Gently melt the butter in a small saucepan with the cream and coffee.
    Add the icing sugar and beat vigorously until smooth and glossy.
    Leave until luke warm and pour decoratively over the cake.

    Taken from the Sainsbury Book of Cake Icing and Decorating
    1981 and completely amended.

  8. smokingscot says:


    Imperial Brands produces Golden Virginia – and they also own Rizla (see 1997).

    Not sure why they chose to plain pack their papers because there’s no restrictive legislation on them at the moment. Maybe just being ultra careful on account they were part of the package you bought.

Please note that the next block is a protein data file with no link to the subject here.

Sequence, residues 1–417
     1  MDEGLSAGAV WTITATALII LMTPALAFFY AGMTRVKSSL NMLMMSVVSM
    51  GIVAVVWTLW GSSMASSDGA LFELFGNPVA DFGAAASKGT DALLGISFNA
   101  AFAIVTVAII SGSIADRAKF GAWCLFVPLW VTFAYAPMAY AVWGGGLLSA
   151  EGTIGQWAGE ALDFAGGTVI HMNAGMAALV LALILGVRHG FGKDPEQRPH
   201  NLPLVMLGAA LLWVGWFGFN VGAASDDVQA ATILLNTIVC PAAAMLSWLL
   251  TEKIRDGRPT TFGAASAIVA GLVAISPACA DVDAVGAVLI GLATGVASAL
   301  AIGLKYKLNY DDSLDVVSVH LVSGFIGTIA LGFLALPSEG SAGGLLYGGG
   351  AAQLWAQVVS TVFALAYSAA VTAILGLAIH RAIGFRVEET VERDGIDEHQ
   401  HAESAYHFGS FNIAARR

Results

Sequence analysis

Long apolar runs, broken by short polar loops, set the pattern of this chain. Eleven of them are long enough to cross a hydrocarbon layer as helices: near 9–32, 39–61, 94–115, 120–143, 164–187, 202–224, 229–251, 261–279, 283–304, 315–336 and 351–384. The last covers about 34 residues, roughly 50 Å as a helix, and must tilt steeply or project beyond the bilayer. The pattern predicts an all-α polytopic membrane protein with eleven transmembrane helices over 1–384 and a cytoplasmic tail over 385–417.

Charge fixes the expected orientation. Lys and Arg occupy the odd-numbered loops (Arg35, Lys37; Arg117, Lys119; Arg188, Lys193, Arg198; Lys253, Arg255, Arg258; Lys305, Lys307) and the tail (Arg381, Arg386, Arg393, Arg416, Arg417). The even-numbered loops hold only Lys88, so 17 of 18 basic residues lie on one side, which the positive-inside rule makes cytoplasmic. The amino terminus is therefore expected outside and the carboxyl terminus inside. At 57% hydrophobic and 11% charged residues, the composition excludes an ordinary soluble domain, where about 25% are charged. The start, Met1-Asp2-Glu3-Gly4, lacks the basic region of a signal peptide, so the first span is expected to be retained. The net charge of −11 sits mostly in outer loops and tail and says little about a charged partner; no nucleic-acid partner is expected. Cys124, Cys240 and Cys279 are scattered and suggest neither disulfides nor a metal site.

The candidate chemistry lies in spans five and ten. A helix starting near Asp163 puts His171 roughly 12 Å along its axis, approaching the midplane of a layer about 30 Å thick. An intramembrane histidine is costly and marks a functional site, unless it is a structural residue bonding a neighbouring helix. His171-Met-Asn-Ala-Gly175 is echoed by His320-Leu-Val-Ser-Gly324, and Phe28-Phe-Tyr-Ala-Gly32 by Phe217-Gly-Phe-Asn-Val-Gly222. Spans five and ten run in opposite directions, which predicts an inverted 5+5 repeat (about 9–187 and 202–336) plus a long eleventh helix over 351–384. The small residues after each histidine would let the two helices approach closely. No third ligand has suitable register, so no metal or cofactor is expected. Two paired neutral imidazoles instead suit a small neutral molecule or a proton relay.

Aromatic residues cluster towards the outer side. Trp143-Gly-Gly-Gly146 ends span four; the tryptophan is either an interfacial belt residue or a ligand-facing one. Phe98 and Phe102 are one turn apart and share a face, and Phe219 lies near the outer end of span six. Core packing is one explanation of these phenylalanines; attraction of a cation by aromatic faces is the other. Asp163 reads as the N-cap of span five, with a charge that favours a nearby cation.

Anyhows here’s a look at one of the better places for buying fag papers – and Ezee offer 8 booklets for a Quid!

    and for those who are very forward thinking, they’ve got a staggering deal on unsold Xmas wrapping paper!

  9. Any ‘junk food’ (a total misnomer I know) manufacturer who needs telling what is coming down the line deserves to go ‘tits up’ (an economist’s technical term). The food and drink(s) industry has had a decade to figure out that the slope was infact slipperier than a politician before a Select Committee. The nannies have applied a liberal coating of greased weasel shit to the incline.
    Wake up and smell the prohibited Fair Trade decaffeinated coffee Mr Cadbury, Messrs McDonald.
    The Prohibition will not go better with Coke. Teach the world to sing–le out your product for demonisation …with fries.

    1984 calories daily intake and not a kilojoule more.

  10. jaxthefirst says: